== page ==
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Host-microbe interactions have shaped the genetic architecture of inflammatory bowel disease
Wellcome Trust Sanger Institute, Hinxton, United Kingdom.
Örebro University Hospital. Örebro University, School of Medical Sciences. (part of International IBD Genetics Consortium (IIBDGC))ORCID iD: 0000-0003-0122-7234
Department of Genetics, Yale School of Medicine, New Haven CT, United States; Department of Internal Medicine, Section of Digestive Diseases, Yale School of Medicine, New Haven CT, United States.
Number of Authors: 1072012 (English)In: Nature, ISSN 0028-0836, E-ISSN 1476-4687, Vol. 491, no 7422, p. 119-124Article in journal (Refereed) Published
Abstract [en]

Crohn's disease and ulcerative colitis, the two common forms of inflammatory bowel disease (IBD), affect over 2.5 million people of European ancestry, with rising prevalence in other populations(1). Genome-wide association studies and subsequent meta-analyses of these two diseases(2,3) as separate phenotypes have implicated previously unsuspected mechanisms, such as autophagy(4), in their pathogenesis and showed that some IBD loci are shared with other inflammatory diseases(5). Here we expand on the knowledge of relevant pathways by undertaking a meta-analysis of Crohn's disease and ulcerative colitis genome-wide association scans, followed by extensive validation of significant findings, with a combined total of more than 75,000 cases and controls. We identify 71 new associations, for a total of 163 IBD loci, that meet genome-wide significance thresholds. Most loci contribute to both phenotypes, and both directional (consistently favouring one allele over the course of human history) and balancing (favouring the retention of both alleles within populations) selection effects are evident. Many IBD loci are also implicated in other immune-mediated disorders, most notably with ankylosing spondylitis and psoriasis. We also observe considerable overlap between susceptibility loci for IBD and mycobacterial infection. Gene co-expression network analysis emphasizes this relationship, with pathways shared between host responses to mycobacteria and those predisposing to IBD.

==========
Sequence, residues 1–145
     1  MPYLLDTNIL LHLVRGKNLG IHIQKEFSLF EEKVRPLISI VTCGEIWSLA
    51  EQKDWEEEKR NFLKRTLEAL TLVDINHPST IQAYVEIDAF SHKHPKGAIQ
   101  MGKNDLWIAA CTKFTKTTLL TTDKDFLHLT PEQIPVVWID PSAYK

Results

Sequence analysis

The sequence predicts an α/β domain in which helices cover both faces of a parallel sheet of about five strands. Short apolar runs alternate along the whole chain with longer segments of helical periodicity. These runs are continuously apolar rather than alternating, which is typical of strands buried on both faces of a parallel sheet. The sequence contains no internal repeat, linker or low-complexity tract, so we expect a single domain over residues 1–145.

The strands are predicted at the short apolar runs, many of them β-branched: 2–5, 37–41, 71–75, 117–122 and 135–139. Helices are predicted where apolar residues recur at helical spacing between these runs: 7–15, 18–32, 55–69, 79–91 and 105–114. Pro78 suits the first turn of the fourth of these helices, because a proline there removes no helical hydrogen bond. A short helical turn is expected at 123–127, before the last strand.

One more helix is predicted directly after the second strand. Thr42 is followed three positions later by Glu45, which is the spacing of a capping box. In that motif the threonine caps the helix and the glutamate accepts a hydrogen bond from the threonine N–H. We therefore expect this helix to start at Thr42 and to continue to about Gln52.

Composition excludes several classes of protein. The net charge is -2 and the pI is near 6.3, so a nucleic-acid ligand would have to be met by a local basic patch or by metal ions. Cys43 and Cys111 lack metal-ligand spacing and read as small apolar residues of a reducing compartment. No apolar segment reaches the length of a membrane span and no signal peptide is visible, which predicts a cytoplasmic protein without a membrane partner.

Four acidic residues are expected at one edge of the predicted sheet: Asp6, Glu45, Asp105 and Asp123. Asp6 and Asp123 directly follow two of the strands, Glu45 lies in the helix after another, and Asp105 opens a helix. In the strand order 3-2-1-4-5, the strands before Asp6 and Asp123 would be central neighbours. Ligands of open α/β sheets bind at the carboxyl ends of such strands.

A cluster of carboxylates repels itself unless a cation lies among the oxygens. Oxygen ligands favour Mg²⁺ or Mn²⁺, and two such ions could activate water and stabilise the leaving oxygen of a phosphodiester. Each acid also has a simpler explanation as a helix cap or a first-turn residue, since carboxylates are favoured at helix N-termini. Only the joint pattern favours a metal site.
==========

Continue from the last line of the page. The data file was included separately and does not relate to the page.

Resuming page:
Place, publisher, year, edition, pages
Nature Publishing Group, 2012. Vol. 491, no 7422, p. 119-124
National Category
Medical Genetics Rheumatology and Autoimmunity
Identifiers
URN: urn:nbn:se:oru:diva-58704DOI: 10.1038/nature11582ISI: 000310434500042PubMedID: 23128233Scopus ID: 2-s2.0-84868336049OAI: oai:DiVA.org:oru-58704DiVA, id: diva2:1127727
Available from: 2017-07-18 Created: 2017-07-18 Last updated: 2018-05-15Bibliographically approved

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Halfvarson, Jonas

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